Thursday, 14 March 2019

Bilberry Cuts Off the Energy Supply to Cancers, Studies Found

By Kyle J. Norton 

Bilberry may process a unique function in blocking the formation of the new blood vessels to fuel the tumor growth, according to studies.

Angiogenesis is the development of new blood vessels from the existing vasculature. The process has occurred throughout life in human in forms of health and disease.

Normal angiogenesis ensures that developing or healing tissues receive an adequate supply of nutrients,

In a tumor, the availability of nutrients is limited, therefore, for the tumor to survive and to grow continuously, the tumor cells induce the formation a new blood supply from the preexisting vasculature by stimulating the protein associated with the pro-angiogenesis and facilitation of angiogenesis, such as vascular endothelial growth factor.

In other words, if we can cut off the blood vessels that provide nutrients to the tumor, we may cure cancers.

Dr. Adair TH, the lead scientists in the investigation of the angiogenesis in diseases and cancer said, "Stimulation of angiogenesis can be therapeutic in ischemic heart disease, peripheral arterial disease, and wound healing. Decreasing or inhibiting angiogenesis can be therapeutic in cancer, ophthalmic conditions, rheumatoid arthritis, and other diseases".

And, "Capillaries grow and regress in healthy tissues according to functional dem bands. Exercise stimulates angiogenesis in skeletal muscle and heart. A lack of exercise leads to capillary regression. Capillaries grow in adipose tissue during weight gain and regress during weight loss.

The results strongly suggested that by allowing or blocking the growth of new blood vessels, angiogenesis may be used as a primary target for the treatment of chronic diseases and cancers

Bilberry is a species of low-growing shrubs in the genus Vaccinium, belonging to the family Ericaceae, native to Northern Europe.

The herbal plant has been used as foods and herbs in traditional medicine for the treatment of acute and chronic diarrhea, gastritis, gastric ulcer, and duodenal ulcer, enterocolitis, ulcerative colitis, anemia, cystitis, kidney disease, and psoriasis, diabetes, etc.

Researchers on finding a natural compound which blocks the progression of cancer examined the anti-angiogenic activity of berry anthocyanins.

Six berry extracts (wild blueberry, bilberry, cranberry, elderberry, raspberry seeds, and strawberry) included in the study were analyzed the anti-angiogenic (the ability to reduce unwanted growth of blood vessels, which can lead to varicose veins and tumor formation) properties.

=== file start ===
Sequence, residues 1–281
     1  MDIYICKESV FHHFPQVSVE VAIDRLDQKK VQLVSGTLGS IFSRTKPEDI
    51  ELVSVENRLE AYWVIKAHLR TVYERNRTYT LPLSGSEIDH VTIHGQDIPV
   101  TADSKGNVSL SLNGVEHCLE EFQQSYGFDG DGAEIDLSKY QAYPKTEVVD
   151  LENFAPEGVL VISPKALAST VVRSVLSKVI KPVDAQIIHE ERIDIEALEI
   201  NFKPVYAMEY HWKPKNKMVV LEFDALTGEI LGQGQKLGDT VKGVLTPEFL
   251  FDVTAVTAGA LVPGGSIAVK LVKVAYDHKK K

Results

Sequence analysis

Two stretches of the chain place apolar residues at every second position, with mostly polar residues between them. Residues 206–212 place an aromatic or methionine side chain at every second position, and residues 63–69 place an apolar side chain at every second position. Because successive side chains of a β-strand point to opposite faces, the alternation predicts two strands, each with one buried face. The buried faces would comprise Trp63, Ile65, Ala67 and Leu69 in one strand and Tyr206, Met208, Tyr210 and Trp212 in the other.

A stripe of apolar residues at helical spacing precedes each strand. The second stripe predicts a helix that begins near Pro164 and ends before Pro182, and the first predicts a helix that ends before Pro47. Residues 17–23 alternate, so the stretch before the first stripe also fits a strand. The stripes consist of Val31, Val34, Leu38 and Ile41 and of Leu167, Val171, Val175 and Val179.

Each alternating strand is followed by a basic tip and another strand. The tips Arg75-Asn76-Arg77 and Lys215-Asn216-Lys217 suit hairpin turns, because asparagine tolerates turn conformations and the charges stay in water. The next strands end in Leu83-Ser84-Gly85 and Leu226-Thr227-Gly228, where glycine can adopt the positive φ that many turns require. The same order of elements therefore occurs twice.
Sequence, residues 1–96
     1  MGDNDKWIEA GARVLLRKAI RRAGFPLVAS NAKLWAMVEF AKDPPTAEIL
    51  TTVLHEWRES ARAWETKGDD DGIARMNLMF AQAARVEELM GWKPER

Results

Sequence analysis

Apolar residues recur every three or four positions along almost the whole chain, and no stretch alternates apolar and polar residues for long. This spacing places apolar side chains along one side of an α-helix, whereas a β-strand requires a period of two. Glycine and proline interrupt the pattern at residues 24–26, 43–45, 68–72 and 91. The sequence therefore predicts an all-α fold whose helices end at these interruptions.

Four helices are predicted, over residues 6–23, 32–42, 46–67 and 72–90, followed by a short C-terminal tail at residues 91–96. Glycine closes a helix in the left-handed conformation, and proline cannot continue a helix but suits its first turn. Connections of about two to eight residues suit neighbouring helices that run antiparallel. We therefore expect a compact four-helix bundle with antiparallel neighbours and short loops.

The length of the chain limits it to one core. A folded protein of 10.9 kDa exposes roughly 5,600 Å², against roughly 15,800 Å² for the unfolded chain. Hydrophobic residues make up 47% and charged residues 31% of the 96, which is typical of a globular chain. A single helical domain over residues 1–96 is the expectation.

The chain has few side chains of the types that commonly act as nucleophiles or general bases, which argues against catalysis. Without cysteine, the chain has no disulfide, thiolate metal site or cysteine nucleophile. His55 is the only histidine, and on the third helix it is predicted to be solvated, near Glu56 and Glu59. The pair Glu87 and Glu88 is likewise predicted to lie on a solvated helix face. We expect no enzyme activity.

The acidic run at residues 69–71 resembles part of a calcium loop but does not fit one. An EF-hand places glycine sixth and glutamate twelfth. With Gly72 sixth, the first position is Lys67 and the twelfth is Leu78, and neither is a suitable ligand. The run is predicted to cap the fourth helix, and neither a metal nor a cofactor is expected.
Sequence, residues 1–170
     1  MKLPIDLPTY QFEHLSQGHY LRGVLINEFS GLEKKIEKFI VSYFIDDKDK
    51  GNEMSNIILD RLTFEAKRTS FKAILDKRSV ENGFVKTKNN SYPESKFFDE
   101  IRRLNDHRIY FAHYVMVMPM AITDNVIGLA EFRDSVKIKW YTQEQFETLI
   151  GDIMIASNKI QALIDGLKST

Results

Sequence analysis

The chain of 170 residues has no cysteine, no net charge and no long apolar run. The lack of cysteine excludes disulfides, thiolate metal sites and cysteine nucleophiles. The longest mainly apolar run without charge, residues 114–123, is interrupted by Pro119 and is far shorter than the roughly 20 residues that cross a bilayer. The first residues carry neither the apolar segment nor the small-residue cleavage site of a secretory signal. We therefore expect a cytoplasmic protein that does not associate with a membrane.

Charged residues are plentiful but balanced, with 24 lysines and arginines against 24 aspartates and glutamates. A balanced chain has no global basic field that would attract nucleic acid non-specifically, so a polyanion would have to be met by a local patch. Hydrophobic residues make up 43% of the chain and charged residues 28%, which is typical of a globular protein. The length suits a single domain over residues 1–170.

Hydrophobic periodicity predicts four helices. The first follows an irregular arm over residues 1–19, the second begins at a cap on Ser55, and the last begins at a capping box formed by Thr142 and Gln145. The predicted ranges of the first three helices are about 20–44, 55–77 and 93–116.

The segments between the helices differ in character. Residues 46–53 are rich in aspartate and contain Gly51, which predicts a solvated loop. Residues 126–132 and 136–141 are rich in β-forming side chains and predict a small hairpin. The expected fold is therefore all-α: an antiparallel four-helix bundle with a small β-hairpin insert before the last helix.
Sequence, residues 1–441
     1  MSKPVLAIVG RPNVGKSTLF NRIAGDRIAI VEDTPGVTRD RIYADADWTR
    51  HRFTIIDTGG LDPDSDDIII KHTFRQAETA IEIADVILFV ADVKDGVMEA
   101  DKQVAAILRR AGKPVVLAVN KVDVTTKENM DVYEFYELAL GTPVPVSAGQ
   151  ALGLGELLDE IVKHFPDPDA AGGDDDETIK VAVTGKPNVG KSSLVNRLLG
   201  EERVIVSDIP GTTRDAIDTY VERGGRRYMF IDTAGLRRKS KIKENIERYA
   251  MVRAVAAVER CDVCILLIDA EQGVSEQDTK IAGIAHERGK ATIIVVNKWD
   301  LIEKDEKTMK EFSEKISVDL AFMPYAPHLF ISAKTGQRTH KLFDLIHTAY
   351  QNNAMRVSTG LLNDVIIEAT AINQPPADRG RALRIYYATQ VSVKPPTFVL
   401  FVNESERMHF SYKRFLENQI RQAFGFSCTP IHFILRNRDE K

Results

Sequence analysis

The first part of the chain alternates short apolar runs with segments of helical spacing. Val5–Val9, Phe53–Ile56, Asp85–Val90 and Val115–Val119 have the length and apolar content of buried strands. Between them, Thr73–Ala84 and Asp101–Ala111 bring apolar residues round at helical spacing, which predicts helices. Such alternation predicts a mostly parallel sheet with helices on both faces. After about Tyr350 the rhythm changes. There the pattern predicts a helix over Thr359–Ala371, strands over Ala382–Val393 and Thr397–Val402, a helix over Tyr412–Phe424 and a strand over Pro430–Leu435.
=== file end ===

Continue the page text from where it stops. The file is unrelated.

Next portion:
Formula OptiBerry IH141, including all berries used in the study, demonstrated superior anti-angiogenic properties compared to the other combinations tested.

OptiBerry significantly inhibited free radical and proinflammatory cytokines in the expression of VEGF (Vascular Endothelial Growth Factor) associated with the formation of the new blood vessels.

According to the Matrigel assay using human microvascular endothelial cells, OptiBerry reduced the new blood vessel formation by impairing angiogenesis.

Futhermore, endothelioma cells pretreated with OptiBerry showed a diminished ability to form hemangioma and markedly decreased tumor growth by more than 50% through its anti-angiogenic, and anti-carcinogenic properties.

In order to reveal more information about berries anti-angiogenic activity to prevent and treat cancer, researchers investigated the six berry extracts (wild blueberry, bilberry, cranberry, elderberry, raspberry seed, and strawberry) and a grape seed proanthocyanidin extract (GSPE) against the formation of new blood vessels for cancer proliferation.

Wild bilberry and blueberry extracts possessed the highest antioxidant activity observed by the ORAC values compared to other berries.

In other words, wild bilberry and blueberry extracts inhibited the overexpression of free radicals and proinflammatory cytokines in stimulating the production of VEGF (Vascular Endothelial Growth Factor) in enhancing angiogenesis.

Interestingly, these activities of wild bilberry and blueberry extracts were not shared by other antioxidants such as alpha-tocopherol or GSPE but were commonly shared by pure flavonoids.

Taken altogether, bilberry used alone or combined with other berries may be considered functional remedies for the prevention of angiogenesis and treatment of cancer cells proliferation by stimulating the formation of a new blood vessel, pending to the confirmation of large sample size and multicenter human study.

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Author Biography
Kyle J. Norton (Scholar, Master of Nutrition, All right reserved)

Health article writer and researcher; Over 10.000 articles and research papers have been written and published online, including worldwide health, ezine articles, article base, health blogs, self-growth, best before it's news, the karate GB daily, etc.,.
Named TOP 50 MEDICAL ESSAYS FOR ARTISTS & AUTHORS TO READ by Named 50 of the best health Tweeters Canada - Huffington Post
Nominated for shorty award over last 4 years
Some articles have been used as references in medical research, such as international journal Pharma and Bioscience, ISSN 0975-6299.

(1) Anti-angiogenic, antioxidant, and anti-carcinogenic properties of a novel anthocyanin-rich berry extract formula by Bagchi D1, Sen CK, Bagchi M, Atalay M. (PubMed)
(2) Anti-angiogenic property of edible berries by Roy S1, Khanna S, Alessio HM, Vider J, Bagchi D, Bagchi M, Sen CK. (PubMed)
(3) Chapter 1Overview of Angiogenesis by Adair TH, Montani JP.. (NCBI)

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